So how do these planned regulatory powers affect businesses using social media marketing?

Dispelling the social media myth — size isn’t everything

The biggest problem I have when explaining social media to someone is the very thing that makes it such a compelling channel to promote a business — it’s size. Because social media marketing is so relatively new — certainly for the vast majority of businesses out there — the prospect of a free way of marketing their business is just too tempting to pass up on.

There’s so many ways to use social media, and so many different ways to enter it, it can be overwhelming. The myth that social media is mostly free doesn’t help, either. Yes, most of the tools and websites out there are free to use and join, but it’s still your time spent learning these things, which is where the cost comes in. And it’s often an unrecoverable loss of time (and ultimately money) if you can’t make good of your efforts.

Avoid anti-social networking

So if you now overlay social media with the extended laws, enactable by the ASA, and then add in the aforementioned ambiguity of compliance amongst those businesses new to social media who have probably never done any advertising or marketing before, there’s a potential for inadvertent illegality.

Because the web is such an open venue, your business has the potential of reaching out to far more people than any regular marketing channel, such as mail shot, or a telesales campaign. Many of these people will not be native to Britain. So that tongue-in-cheek joke on your home page or a recent blog article could be hugely offensive to some.

I don’t want this to sound like a scare story, or to look like a cattle prod to marshal you, the reader, towards Octane. I just hope that, between now and September, the government and the Advertising Standards Authority do a good enough job of educating businesses.

Limiting your liability

There is always risk. That’s life. As a business owner, I create risk every time I engage in a client project. If I can limit the liability of a client in some way, averting an advertising snafu, or a marketing mishap, that’s a job well done.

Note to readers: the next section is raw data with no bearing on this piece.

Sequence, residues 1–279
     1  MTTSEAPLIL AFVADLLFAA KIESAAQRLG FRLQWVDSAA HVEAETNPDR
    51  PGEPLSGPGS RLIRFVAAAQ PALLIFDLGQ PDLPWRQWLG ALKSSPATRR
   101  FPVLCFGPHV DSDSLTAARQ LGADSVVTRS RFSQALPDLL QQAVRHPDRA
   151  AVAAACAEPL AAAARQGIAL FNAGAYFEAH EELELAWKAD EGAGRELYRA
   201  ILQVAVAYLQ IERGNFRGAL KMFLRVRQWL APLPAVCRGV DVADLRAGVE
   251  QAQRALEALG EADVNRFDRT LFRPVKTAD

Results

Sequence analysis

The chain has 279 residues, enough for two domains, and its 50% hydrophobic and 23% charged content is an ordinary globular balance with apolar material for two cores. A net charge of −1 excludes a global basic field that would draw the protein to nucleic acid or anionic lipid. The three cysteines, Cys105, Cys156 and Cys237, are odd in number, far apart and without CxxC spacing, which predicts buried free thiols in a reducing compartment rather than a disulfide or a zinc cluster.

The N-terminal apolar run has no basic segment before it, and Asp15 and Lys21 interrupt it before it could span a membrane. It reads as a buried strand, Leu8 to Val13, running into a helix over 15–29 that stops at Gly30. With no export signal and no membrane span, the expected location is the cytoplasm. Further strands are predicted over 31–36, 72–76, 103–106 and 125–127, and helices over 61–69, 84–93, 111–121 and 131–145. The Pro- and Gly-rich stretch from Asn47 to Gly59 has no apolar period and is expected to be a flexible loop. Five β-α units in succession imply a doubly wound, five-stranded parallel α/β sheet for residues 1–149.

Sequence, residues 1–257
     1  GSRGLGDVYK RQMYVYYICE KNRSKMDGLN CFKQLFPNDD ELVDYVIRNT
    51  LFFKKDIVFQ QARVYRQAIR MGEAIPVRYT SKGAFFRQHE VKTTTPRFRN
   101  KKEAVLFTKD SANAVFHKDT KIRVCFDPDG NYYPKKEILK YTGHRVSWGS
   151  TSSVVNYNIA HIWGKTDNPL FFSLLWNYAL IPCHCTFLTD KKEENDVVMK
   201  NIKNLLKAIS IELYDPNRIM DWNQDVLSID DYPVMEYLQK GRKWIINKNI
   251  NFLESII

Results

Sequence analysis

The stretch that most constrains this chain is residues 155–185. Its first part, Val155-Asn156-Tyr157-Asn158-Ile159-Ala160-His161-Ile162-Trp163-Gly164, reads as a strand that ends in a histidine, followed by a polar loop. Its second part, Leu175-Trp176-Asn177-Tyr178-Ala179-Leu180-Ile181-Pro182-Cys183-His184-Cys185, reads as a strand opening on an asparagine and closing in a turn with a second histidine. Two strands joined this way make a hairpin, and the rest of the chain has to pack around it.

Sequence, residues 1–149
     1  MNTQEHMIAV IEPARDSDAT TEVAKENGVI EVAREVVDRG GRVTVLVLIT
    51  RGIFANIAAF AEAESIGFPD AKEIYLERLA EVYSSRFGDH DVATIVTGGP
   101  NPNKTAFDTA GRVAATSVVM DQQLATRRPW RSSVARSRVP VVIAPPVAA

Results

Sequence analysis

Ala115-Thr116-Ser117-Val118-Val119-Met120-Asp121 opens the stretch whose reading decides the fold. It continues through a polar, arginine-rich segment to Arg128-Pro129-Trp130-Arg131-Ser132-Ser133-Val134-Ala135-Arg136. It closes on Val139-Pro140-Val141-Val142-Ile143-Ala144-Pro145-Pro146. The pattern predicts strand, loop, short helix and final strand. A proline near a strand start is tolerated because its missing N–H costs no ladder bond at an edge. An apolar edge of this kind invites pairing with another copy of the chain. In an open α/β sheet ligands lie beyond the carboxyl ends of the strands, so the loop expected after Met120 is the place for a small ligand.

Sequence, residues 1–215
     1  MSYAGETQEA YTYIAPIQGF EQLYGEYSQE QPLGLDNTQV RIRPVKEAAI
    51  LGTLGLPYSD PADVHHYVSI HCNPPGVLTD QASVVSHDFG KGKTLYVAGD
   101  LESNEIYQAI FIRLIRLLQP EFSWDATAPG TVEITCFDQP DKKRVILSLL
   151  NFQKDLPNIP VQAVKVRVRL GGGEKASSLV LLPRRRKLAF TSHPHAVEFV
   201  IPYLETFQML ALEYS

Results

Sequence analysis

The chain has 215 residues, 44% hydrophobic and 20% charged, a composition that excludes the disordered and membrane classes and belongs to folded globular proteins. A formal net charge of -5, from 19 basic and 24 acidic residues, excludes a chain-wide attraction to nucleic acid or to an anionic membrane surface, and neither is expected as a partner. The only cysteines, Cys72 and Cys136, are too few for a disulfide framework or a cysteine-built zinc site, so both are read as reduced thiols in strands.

Caught on camera

So you want an example? Photography. This is one of the most misunderstood areas in design. Photography can be a machine-like process, such a product photography. But it can also be an art form. It is often in the case of the latter that a photograph is used without permission and without a royalty payment to the copyright owner.

It’s a huge problem, but it’s so huge, people often feel it’s not like breaking a real law. And because it’s such a huge problem, it’s only those who make the mistake of infringing copyright in huge way (like in a TV or magazine advert, a poster campaign, or from September, if in a social media marketing campaign) that get caught.

The advise I give to my clients is simple; buy the photograph that you like. Once they do that, we’re all covered.

Demonstrate your difference

James Good, a design and illustrator uses the slogan: demonstrate your difference. It’s as succinct a question anyone could ask of a business. In this sense, it’s perfectly applicable, because it demands that we demonstrate not just how good we are, but how much trust our clients have in our abilities.

By working within the remit of legislation, and making this clear to my clients, I would be demonstrating a level of knowledge that instills a sense of trust — I would be, in effect, protecting my client (and myself) from possible prosecution.